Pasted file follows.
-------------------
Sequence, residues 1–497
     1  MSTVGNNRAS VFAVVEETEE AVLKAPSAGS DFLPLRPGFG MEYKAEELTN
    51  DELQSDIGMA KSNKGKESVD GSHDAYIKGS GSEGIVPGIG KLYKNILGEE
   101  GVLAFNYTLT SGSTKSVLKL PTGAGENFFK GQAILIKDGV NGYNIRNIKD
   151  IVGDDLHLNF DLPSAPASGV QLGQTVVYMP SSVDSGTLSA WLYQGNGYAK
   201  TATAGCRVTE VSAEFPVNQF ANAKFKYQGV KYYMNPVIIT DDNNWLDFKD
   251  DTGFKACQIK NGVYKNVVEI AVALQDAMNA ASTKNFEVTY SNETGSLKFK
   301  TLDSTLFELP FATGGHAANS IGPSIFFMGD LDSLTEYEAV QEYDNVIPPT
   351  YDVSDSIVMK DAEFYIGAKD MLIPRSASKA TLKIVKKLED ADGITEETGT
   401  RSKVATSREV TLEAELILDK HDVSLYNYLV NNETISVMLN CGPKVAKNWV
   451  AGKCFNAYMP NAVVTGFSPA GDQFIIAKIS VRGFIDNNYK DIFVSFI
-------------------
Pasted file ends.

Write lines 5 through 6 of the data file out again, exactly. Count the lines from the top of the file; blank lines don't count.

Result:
   151  IVGDDLHLNF DLPSAPASGV QLGQTVVYMP SSVDSGTLSA WLYQGNGYAK
   201  TATAGCRVTE VSAEFPVNQF ANAKFKYQGV KYYMNPVIIT DDNNWLDFKD